Murder suspect to cover tattoo
Updated On: Apr 25 2014 07:47:48 PM CDT
It's been settled. Accused killer Jeffrey Chapman will wear a turtleneck at his murder trial to cover up what his attorney calls a "Redrum" tattoo.
A spokeswoman for the Kansas Supreme Court tells FactFinder 12 an agreement was reached last Friday between prosecutors and Chapman's attorney and the trial was rescheduled for August.
Today, when reached by email for further comment, defense attorney Kurt Kerns scolded the media for "misreporting" the issue and said it had been "blown out of proportion".
Kerns wrote: "This was the worst example of the media creating an issue out of a
non- issue I've seen in 22 years of practicing law."
He added, "Nobody bothered to check the facts or attend court. The story was based entirely on the court pleadings, and then the pleadings themselves were distorted to create juicy stuff out of a standard request."
Kerns went on to say the tattoo actually spells the word "Redrum", which he says is a reference to a brand of rum sold in liquor stores.
"We brought a bottle of Redrum to court and explained the tattoo at the hearing (last Friday) nobody- including the local paper- attended," he wrote in the email.
Eyewitness News learned of Chapman's request Tuesday. We didn't report the turtleneck agreement or the Redrum explanation at that time because we didn't know about them. And here's why.
Nowhere in the public documents available is there a reference to the turtleneck.
Friday, Kansas Supreme Court spokeswoman Lisa Taylor, acting on behalf of Barton County wrote us to say, "No court document existed to reflect the parties’ agreement that the defendant would wear a turtleneck. However, it would be part of the court record captured by the court reporter, but that record has not been transcribed."
When Eyewitness News called Kern Tuesday and left a message with a person at his office, he never returned the call. And when we talked to prosecutors in Barton County Tuesday, they would only refer us to the court filings.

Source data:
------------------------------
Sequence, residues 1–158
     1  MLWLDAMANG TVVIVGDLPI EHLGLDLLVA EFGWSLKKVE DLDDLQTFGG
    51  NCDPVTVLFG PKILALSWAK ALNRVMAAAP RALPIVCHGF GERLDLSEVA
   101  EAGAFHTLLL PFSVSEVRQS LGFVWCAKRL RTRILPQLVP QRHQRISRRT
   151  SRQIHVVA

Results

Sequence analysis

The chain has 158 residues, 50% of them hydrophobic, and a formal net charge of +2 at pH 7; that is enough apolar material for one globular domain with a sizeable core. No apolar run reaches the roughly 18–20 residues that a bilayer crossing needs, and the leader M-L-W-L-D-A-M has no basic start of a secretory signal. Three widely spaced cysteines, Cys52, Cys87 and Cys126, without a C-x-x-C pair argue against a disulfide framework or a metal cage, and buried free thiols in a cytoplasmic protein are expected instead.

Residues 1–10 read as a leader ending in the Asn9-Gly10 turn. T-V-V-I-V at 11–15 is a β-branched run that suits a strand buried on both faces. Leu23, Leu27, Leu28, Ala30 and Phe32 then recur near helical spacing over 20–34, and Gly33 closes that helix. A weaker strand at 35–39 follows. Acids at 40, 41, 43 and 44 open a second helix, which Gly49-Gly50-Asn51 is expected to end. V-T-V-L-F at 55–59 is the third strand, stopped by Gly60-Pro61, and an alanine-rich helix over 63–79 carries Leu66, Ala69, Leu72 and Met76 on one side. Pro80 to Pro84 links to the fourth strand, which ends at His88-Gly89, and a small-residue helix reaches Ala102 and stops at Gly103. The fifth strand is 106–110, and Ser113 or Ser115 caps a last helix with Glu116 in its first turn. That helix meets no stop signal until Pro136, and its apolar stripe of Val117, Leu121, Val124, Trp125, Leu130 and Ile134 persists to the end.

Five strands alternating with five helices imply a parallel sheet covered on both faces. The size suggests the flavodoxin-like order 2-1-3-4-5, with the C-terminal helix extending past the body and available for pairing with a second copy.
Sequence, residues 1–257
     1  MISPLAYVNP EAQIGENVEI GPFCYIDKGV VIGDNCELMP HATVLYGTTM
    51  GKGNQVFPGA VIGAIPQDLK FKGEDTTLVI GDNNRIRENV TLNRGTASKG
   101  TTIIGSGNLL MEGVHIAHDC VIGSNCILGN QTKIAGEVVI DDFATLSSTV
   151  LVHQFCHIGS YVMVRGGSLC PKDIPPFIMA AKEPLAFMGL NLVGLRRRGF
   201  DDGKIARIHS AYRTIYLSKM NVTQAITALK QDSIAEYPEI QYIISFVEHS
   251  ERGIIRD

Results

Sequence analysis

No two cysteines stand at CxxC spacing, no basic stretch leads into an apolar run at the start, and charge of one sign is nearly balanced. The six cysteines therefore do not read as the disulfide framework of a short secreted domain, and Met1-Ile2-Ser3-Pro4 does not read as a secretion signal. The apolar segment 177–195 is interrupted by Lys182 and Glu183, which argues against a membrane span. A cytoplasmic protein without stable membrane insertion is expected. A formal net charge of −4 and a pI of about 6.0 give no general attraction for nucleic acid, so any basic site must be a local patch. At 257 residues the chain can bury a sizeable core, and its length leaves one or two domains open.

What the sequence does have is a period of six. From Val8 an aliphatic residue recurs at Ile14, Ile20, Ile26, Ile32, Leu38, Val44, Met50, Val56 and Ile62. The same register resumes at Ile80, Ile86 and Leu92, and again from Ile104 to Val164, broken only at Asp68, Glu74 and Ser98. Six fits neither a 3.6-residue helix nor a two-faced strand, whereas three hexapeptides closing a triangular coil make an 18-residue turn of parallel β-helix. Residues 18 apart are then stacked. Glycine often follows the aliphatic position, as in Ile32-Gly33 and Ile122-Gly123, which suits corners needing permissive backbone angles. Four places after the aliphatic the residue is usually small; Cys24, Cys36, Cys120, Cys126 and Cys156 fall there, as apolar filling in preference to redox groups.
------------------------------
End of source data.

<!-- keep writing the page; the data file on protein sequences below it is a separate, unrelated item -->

As for the Redrum explanation, without knowing of the hearing, we relied on Kerns's own motion, which repeatedly referred to the writing on Chapman's neck as a "murder" tattoo. And Kerns acknowledges "redrum" is murder spelled backward.
FactFinder 12 twice asked Kerns to sit down for an interview Friday and he declined. He said "Directing additional attention to an agreed upon irrelevant and prejudicial fact, only serves to frustrate the very purpose of the motion itself, and my client's interest in a fair trial."
Here is the full text of Kerns's email to Eyewitness News:
"The whole issue has been misreported and blown out of proportion
from the outset, as nobody actually covered the court hearing.
There never was any dispute.The motion was withdrawn and agreement reached without argument.
Nobody ever asked that the state pay for a tattoo removal nor was any tattoo done backwards so Jeffrey could look in a mirror. Both claims are complete fabrications.
The tattoo was based on a rum product sold in stores called "Redrum."
This was the worst example of the media creating an issue out of a
non- issue I've seen in 22 years of practicing law.
Nobody bothered to check the facts or attend Court.
The story was based entirely on the court pleadings, and then the pleadings themselves were distorted to create juicy stuff out of a standard request.
That is the entirety of my comment. Somehow I doubt it will be ran."
Kerns then sent a second email in response to our inquiries about why his own court filing referred to a "murder" tattoo:
"Because the local media in Great Bend wrote stories early on calling it a murder tattoo we used the same language and indeed it says murder backwards. We brought a bottle of Redrum to court and explained the tattoo at the hearing nobody- including the local paper- attended.
As much as I, and every lawyer I know, love to be on TV - my duty is to my client. Directing additional attention to an agreed upon irrelevant and prejudicial fact, only serves to frustrate the very purpose of the motion itself, and my client's interest in a fair trial."